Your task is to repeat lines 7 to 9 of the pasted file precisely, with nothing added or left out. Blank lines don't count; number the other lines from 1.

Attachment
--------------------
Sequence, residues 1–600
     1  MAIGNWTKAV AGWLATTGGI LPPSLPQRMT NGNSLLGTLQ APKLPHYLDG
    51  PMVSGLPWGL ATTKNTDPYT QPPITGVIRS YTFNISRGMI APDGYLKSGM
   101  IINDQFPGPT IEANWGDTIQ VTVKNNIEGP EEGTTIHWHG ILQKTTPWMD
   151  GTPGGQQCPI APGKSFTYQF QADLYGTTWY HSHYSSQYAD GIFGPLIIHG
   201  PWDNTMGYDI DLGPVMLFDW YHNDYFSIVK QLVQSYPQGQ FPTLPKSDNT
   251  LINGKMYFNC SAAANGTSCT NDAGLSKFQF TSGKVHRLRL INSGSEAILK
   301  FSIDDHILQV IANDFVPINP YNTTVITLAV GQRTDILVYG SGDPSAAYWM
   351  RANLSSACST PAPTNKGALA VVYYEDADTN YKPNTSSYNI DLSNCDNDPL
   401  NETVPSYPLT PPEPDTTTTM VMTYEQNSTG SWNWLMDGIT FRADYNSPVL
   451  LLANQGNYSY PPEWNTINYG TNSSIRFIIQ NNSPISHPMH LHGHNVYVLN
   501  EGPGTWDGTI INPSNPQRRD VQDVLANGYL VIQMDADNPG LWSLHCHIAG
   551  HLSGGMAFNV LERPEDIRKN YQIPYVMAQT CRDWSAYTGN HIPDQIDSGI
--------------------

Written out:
   251  LINGKMYFNC SAAANGTSCT NDAGLSKFQF TSGKVHRLRL INSGSEAILK
   301  FSIDDHILQV IANDFVPINP YNTTVITLAV GQRTDILVYG SGDPSAAYWM
   351  RANLSSACST PAPTNKGALA VVYYEDADTN YKPNTSSYNI DLSNCDNDPL